Westwood Park, Willowbrook Staten Island
The Staten Island Expressway is often used as the dividing line between Staten Island's North Shore and Mid-Island sections.  The land for this expressway was acquired by the City of New York during the middle of the twentieth century.  After its completion, it was found that there was much unused land that had been obtained for the construction of the expressway. As a result, many parcels of land were transferred over to the New York City Department of Parks and Recreation, who developed many parks using the vacant land.

In 1958, the New York City Department of Parks and Recreation had obtained almost seven acres of this land in the neighborhood of Willowbrook, below the completed Staten Island Expressway.  This site, as well as land surrounding it, remained undeveloped for over a decade.  Eventually, streets were installed and housing was constructed around the plot of land.  These new features gave the site boundaries: Gannon Avenue South became the northern boundary, Westwood Ave. became the southern boundary, Woodward Avenue became the western boundary, and Woolley Avenue became the eastern boundary.  Even as the surrounding area began to be developed, the site remained untouched.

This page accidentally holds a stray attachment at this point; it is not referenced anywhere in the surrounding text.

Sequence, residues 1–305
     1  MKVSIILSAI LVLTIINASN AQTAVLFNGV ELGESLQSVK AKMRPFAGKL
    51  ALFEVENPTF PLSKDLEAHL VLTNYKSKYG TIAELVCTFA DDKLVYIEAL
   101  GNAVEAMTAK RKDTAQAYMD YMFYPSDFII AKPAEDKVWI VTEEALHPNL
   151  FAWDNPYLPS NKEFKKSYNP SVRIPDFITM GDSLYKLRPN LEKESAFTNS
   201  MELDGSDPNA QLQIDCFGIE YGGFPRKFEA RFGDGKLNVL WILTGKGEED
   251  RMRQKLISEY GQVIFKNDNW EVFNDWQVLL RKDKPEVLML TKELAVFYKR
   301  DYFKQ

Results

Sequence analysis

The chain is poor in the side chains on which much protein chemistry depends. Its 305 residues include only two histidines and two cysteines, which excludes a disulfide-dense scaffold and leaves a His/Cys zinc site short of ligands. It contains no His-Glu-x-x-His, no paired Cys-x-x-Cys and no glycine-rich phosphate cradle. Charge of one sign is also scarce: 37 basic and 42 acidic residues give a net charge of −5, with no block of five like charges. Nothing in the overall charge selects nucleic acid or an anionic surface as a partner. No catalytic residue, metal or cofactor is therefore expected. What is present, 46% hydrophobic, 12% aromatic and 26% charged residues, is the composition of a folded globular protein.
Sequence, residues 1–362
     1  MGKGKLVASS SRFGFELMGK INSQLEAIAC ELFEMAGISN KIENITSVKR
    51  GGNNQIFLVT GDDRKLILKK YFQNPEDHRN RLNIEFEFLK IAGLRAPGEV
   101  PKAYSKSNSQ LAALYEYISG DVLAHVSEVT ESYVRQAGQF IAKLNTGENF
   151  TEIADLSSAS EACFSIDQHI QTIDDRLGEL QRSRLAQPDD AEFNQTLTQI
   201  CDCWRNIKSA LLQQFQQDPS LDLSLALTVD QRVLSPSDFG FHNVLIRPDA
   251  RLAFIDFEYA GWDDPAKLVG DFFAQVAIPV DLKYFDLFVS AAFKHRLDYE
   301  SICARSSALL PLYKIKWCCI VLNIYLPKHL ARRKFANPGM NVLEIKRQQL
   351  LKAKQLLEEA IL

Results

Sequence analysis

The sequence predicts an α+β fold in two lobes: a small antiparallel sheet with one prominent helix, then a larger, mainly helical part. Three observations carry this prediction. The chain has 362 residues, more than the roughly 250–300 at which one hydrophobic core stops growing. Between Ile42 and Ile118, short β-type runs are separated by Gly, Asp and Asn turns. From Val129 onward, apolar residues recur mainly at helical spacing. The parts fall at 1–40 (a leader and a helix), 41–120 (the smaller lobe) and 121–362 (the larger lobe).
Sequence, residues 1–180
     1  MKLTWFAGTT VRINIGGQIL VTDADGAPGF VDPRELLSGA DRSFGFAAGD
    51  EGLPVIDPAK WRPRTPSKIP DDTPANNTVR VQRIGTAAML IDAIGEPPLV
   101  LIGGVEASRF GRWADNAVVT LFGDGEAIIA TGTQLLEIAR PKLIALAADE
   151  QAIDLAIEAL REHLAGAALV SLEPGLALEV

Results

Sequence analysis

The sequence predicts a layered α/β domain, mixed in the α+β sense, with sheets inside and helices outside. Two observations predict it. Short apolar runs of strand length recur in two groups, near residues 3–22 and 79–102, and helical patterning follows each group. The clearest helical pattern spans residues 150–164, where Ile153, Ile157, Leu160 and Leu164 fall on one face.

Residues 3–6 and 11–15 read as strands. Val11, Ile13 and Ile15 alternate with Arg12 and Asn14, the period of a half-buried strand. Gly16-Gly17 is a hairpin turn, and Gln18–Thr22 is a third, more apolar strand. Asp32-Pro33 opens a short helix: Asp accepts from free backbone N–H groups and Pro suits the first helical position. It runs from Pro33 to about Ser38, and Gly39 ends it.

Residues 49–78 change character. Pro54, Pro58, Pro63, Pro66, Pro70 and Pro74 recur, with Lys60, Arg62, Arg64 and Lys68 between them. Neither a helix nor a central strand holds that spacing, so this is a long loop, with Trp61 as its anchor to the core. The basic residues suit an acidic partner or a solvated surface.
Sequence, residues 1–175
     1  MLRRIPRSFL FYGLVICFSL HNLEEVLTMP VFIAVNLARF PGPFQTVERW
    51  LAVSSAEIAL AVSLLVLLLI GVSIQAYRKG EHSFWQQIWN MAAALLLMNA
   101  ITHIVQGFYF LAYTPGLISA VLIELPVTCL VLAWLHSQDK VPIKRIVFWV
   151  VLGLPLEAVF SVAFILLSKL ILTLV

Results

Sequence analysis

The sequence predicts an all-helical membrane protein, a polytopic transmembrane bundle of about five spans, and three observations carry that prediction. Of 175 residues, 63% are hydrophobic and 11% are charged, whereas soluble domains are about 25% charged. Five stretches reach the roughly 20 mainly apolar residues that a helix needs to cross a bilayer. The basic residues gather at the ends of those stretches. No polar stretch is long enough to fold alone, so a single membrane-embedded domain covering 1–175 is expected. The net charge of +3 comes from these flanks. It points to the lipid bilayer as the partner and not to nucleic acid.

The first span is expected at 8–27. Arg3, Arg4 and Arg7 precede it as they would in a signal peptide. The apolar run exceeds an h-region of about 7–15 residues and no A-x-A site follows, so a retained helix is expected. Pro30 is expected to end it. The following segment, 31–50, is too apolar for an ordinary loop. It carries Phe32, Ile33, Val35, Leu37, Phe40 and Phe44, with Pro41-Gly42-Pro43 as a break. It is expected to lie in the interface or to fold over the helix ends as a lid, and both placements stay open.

The Landscape of Westwood Park, Staten IslandFinally, in 1973, the New York City Department of Parks and Recreation teamed up with the Sunrise Hill Civic Association to create a park for children to play in.  This park, which had been one of the first to be established by both the City and the community, became known as Sunrise Hill Park.  At its completion, the park featured many recreational facilities, including a children's basketball court and play equipment.  It also housed tables and benches surrounded by trees.

Shortly after its opening, the facilities installed in the park were damaged by young residents of the community.  The facilities were soon removed from the park and trees began to grow on the site again.  These trees were the only things standing in the park by 1980.  Prominent among the tree species found here are pin oak, sugar maple, and sweetgum trees.  Later in the century, New York City Department of Parks and Recreation Commissioner Henry J. Stern renamed the park as Westwood Park, after one of its bordering streets.

Posted by Anthony Licciardello on


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